Does creatively naming a product make it look inferior?


I have developed a product and did a basic search for domain names, and to get the domain name I want I will need to more creatively name my product. Does this creative naming turn off some customers by confusing them or even make the product look cheaper?

Some examples would be replacing Easy with EZ or replacing i with y. Those may be bad examples, but I believe they should illustrate what I am talking about. Otherwise I feel I could always keep the name the same, and prefix the domain name with get or something of that sort.

Products Branding Naming Domain

asked Jun 23 '12 at 00:51
130 points

4 Answers


Think about Flickr, Tumblr, and dozens of others that have succeed despite non-standard spellings.

Don't violate copyright with a name that is designed to confuse. The name should not turnoff your desired market.

answered Jun 23 '12 at 02:09
Mhoran Psprep
644 points


Product naming should be about recognition, and making it easy to remember.

Also, think about the advantages that a different spelling would have compared to actual words in search queries.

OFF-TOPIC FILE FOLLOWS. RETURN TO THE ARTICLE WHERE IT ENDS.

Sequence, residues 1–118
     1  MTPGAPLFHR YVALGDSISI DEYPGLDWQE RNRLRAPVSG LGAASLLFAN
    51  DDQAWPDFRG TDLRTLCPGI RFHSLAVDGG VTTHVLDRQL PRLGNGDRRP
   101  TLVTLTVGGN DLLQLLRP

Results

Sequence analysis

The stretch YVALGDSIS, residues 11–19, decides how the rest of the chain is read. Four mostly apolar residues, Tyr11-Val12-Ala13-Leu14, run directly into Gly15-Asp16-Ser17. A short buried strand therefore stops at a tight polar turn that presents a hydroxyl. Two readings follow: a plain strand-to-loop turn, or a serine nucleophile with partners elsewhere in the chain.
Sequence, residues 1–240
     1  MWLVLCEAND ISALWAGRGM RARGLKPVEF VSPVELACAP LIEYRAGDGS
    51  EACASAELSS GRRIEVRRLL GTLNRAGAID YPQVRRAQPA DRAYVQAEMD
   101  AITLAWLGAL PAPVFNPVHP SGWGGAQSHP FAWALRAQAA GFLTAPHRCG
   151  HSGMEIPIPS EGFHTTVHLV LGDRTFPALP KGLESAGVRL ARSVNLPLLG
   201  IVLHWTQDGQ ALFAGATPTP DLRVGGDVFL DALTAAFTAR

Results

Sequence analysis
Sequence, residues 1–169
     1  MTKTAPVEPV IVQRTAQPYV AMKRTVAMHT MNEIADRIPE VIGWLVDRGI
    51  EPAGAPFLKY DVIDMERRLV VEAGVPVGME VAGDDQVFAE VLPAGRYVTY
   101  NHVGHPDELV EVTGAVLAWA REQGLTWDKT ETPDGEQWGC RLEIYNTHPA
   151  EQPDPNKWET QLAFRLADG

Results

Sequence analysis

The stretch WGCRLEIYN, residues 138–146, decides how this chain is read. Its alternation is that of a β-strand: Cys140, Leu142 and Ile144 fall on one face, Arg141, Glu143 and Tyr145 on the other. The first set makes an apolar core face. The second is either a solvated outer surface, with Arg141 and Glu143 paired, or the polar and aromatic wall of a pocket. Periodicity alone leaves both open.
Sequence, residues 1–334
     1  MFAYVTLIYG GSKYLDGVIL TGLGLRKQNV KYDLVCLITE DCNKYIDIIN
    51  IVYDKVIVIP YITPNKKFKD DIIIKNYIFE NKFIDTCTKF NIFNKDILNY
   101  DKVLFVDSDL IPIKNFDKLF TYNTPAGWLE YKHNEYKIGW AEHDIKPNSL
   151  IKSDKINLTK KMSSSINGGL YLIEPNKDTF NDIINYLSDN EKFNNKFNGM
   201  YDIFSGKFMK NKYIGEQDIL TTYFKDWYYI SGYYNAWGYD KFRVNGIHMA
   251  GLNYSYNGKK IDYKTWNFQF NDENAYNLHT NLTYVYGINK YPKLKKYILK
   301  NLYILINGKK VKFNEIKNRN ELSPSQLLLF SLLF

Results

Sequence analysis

Using the previous example, Flickr might have had a harder time standing out in web searches in its early days, if it was called "Flicker".

answered Jun 23 '12 at 02:27
Chris C
111 points


Just make sure you brand it effectively. It can be gibberish and nonsense and still take over the world (i.e. Google, Wiggle, Wufoo... to name a few). Functionality and branding are going to be your biggest challenges.

However, if your product is something tangible I think the more literal, the better. People don't like not being able to intuit what a product is for.

Also, don't just add a little "i" to front of the word. :)

Good luck!

answered Jun 25 '12 at 09:05
11 points


Creative names should be great if you can make it easier to remember / fun to say, better yet make it say something about your product/service. Until it becomes super famous, most customers won't know what you do. And think about a sustainable name, like Twitter, you can say the small snippets are tweets, and it can be a word sounds like birds chirping, pleasant, kind of sound short too - goes well with the 140 character limit. Think about if this name will go well with the web address, and will look good on billboards, banners... It's not just a name, it is a tag that will follow you a long way.

answered Jun 25 '12 at 14:24
26 points

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Products Branding Naming Domain